(kind of like 'happy holidays...)
12.09.2010 0 °C
Şeker Bayramı, basically "sugar festival", which marks the end of the holy month of Ramazan in Turkey, started on Wednesday. This was evident by the amount of people, especially those in head scarves and conservative Muslim dress, shoving down balık ekmek, or fish bread down by the port. They all seemed relieved the fasting is over. It's an official holiday here in Turkey so of course I got to enjoy a few days off
As you would imagine during a holiday named after sugar, there's an abundance of sweets floating around. Small children, dressed in new outfits, knock on their neighbors' doors to get some candy. Reminiscent of my trick or treating days, I loved seeing groups of them coming to my apartment building.
Since moving here a little over two weeks ago, I haven't visited any of the historical sights or typical stops on a tourist's agenda. I was busy adjusting myself, looking for an apartment, starting work, etc. And history there is plenty in Istanbul! There are endless things to keep you busy. So this was the perfect time to start exploring. I started off a great few days with a boat tour of the Bosphorous. The Bosphorous strait, which is called Boğaz, or throat or strait in Turkish, connects the Sea of Marmara to the Black Sea and essentially divides Istanbul into Europe and Asia. So on the boat, we were smack in the middle of two continents!
After we had an overview of all the sights from the water, we went to Aya Sofya, one of the most famous monuments in Istanbul. It was built as a church when Istanbul (then Constantinople) was part of the Byzantine Empire. Aya Sofya was finished in the year 537. It's highly impressive to imagine that it could survive this long. In 1453, when Mehmet the Conqueror came to Istanbul to start the reign of the Ottoman Empire, Aya Sofya was converted into a mosque. The faces on the mosaics and other artwork were covered during this time, but since Ataturk (the founder of modern Turkey) proclaimed Aya Sofya as a museum in 1935, the mosaics were excavated and restored. Now there's a harmony between Christianity with all the artwork depicting Jesus, Mary, the saints and angels, and the influence of Islam, with some Arabic writing inside and minarets outside.
We didn't get too many photos of the artwork inside so I uploaded some from online, and then included some pictures of us.
Sultanahmet Camii, or as foreigners call it "Blue Mosque" because of the prominent blue tiles inside the mosque, is right around the corner and was in fact built as competition to the Aya Sofya. It allows visitors of course but is still a working mosque. Women are asked to cover up if they are not wearing pants or a long enough skirt. It's also suggested to wear a head scarf. We thought about decking me out in one and sending a picture back home to my father for shock value, but decided against it. Sorry Dad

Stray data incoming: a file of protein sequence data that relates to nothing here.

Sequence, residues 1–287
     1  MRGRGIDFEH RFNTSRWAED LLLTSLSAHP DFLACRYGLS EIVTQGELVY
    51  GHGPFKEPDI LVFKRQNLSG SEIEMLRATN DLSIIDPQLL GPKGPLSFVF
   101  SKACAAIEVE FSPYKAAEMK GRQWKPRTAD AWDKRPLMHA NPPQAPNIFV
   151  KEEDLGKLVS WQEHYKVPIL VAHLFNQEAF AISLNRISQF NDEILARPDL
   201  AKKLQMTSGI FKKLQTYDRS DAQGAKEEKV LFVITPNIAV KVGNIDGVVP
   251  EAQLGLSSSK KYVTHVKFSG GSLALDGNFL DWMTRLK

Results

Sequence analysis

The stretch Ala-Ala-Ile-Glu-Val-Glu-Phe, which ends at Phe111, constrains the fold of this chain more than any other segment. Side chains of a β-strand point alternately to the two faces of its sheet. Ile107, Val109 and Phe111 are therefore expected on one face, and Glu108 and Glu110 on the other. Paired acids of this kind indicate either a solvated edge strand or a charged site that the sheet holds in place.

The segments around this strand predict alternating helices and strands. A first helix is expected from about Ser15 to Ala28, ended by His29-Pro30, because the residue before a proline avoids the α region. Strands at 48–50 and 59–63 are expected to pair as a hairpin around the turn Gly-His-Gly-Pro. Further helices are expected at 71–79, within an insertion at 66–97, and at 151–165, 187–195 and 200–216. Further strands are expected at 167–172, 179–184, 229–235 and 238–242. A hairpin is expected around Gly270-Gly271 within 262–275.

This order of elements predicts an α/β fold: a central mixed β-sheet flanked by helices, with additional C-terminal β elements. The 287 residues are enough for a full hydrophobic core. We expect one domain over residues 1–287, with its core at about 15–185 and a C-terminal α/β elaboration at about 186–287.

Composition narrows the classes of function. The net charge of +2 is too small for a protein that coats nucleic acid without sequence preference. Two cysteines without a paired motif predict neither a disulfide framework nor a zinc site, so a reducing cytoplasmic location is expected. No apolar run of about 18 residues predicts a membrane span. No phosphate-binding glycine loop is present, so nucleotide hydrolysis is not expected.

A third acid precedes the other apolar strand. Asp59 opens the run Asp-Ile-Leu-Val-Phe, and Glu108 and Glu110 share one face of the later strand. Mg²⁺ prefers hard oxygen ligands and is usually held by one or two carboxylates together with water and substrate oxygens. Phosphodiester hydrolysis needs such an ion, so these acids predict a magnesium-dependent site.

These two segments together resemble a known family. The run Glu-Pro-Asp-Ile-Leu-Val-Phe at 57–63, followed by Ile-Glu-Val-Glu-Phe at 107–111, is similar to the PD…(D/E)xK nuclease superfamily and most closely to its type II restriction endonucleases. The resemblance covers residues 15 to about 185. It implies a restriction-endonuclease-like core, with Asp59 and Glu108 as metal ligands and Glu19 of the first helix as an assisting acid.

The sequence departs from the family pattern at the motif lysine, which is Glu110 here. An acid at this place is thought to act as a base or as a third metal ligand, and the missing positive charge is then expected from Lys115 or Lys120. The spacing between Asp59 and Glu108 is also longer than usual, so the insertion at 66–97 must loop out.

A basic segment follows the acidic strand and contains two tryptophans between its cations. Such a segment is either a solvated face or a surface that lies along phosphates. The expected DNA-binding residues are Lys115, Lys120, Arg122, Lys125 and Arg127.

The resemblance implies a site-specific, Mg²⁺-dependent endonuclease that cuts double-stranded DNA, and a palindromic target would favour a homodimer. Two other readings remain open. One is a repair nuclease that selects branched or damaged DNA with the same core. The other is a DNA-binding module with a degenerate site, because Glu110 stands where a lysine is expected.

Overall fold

The next day we visited Dolmabahçe Palace which was used by the Ottoman sultans from around 1856 until 1922 (the end of Ottoman reign in Turkey) To me it looked like a European palace, much like ones I've seen in Germany, France or Spain. An interesting tid-bit about this one was that Ataturk died here in 1938. We were able to see the actual bed he died in, adorned with a Turkish flag. All the clocks in Dolmabahçe palace are set at 9:05, the time of Ataturk's death.
Also on our itinerary was the Basilica Cistern, built in 532 and used to store water for the palaces and other buildings. Its "cavernous depths" were a nice place to escape the heat above ground. My favorite was the Medusa head made into a column.
At the Military Museum, I got a good review of Turkish history, starting from the migration of people from Central Asia, to the Seljuk Turks, Ottomans, and finally World War I, the War of Independence and Gallipoli. We got there an hour before it closed so I'll have to go back when I have more time.
It's a rainy day today so a perfect time to study some Turkish. I started lessons last week with a private tutor so hopefully he can help me with my struggle against Turkish vowels